Japan’s government refuses UN call to stop returning evacuees to irradiated areas of Fukushima

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Japan rejects UN call to stop returns to Fukushima

 
Japan’s government lifted its standard for the acceptable level of radiation to 20 millisieverts per year from 1 millisievert after the Fukushima disaster
 
27 Oct 2018
Japan’s government on Friday (Oct 26) rejected calls from a UN rights expert to halt the return of women and children to areas affected by the Fukushima nuclear disaster over radiation fears.
UN special rapporteur Baskut Tuncak on Thursday warned that people felt they were “being forced to return to areas that are unsafe, including those with radiation levels above what the government previously considered safe.”
In the wake of the Fukushima disaster, Japan’s government lifted its standard for the acceptable level of radiation to 20 millisieverts per year from 1 millisievert.
It has been urged to revise that level back down again, but has rejected calls to do so, a decision Tuncak called “deeply troubling.”
“Japan has a duty to prevent and minimise childhood exposure to radiation,” he said.
But Japan’s government rejected the criticism, saying Tuncak’s comments were based on “one-sided information and could fan unnecessary fears about Fukushima,” a foreign ministry official told AFP.
Japan’s government has gradually lifted evacuation orders on large parts of the areas affected by the disaster, which occurred when a massive tsunami sent reactors at the Fukushima Daiichi plant into meltdown in March 2011.
But other areas remain under evacuation orders because of continued high levels of radiation.
Japan’s government has pushed hard to return affected areas to normal, but has faced criticism that what it refers to as “safe” radiation levels are not in line with international standards.
Around 12,000 people who fled their homes for fear of radiation have filed dozens of lawsuits against the government and the Tokyo Electric Power Company (TEPCO), the operator of the stricken nuclear plant.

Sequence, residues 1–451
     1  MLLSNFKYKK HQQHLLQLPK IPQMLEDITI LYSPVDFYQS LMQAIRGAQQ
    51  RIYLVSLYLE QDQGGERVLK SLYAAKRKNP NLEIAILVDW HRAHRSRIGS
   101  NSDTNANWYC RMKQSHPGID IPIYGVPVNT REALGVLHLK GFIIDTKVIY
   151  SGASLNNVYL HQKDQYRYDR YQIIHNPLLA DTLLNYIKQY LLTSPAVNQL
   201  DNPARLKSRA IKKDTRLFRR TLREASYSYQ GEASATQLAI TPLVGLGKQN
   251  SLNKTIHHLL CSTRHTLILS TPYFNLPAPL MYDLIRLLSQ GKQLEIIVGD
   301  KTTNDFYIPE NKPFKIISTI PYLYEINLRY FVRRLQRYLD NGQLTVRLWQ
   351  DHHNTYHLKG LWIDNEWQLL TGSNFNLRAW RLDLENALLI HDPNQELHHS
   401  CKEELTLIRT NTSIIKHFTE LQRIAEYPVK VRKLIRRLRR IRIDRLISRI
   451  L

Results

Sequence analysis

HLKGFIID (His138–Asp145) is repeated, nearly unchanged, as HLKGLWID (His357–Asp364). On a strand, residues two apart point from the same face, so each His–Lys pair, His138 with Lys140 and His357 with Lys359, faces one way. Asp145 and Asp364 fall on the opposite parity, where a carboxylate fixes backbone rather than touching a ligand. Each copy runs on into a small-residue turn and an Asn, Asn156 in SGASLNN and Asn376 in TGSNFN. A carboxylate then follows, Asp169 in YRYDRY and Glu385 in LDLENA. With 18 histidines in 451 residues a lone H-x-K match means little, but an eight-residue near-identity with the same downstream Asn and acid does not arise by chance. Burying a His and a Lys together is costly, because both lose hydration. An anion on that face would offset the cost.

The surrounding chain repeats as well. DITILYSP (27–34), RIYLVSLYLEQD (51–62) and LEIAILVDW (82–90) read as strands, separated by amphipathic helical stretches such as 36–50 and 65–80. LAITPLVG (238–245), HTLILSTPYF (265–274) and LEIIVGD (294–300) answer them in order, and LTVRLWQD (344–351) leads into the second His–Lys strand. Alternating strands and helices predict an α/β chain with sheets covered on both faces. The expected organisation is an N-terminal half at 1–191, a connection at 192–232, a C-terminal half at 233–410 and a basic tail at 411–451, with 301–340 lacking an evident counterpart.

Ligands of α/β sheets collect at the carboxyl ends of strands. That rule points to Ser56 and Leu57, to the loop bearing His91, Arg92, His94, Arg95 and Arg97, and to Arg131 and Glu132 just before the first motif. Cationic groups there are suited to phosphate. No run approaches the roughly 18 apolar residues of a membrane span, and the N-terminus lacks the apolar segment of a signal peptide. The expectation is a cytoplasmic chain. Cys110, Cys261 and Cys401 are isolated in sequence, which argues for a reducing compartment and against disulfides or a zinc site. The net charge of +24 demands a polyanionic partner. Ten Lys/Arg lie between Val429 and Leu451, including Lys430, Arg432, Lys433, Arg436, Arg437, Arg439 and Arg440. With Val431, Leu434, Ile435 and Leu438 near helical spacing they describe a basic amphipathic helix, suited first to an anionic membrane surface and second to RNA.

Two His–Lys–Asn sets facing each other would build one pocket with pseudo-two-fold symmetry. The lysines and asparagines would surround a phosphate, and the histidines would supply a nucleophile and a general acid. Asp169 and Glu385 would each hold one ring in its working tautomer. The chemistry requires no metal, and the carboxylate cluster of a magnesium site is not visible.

The Fukushima disaster was the worst since Chernobyl in 1986, though there has only been one death linked to it. More than 18,000 people were killed or left missing in the tsunami that prompted the meltdown.
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Stop forcing the return of women and child evacuees to radioactive parts of Fukushima – UN’s call to Japan

Cathy Iwane:
3 Things:
1. International Commission on Radiological Protection (ICRP) has ALWAYS recommended 1 mSv per year to be ‘safe’ for human living conditions.
2. Japan arbitrarily INCREASED this level 20 TIMES to 20 mSv per year AFTER Fukushima Daiichi blew. Science proves this level DANGEROUS for women & children; thus, the UN calling out this human rights abuse.
3. Japan is funding billions of dollars for 2020 Olympic venues & athletes’ housing in Fukushima; BUT ending support for Fukushima évacuées, forcing many to return to dangerous radiation exposure.
 
 
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Students from Fukushima High School ride a bus and are told by Tokyo Electric Power Co. executive Yoshiyuki Ishizaki, right, about the Fukushima No. 1 Nuclear Power Plant’s No. 1 reactor, which just had a cover removed from its building, in Okuma, Fukushima Prefecture, on Nov. 18, 2016.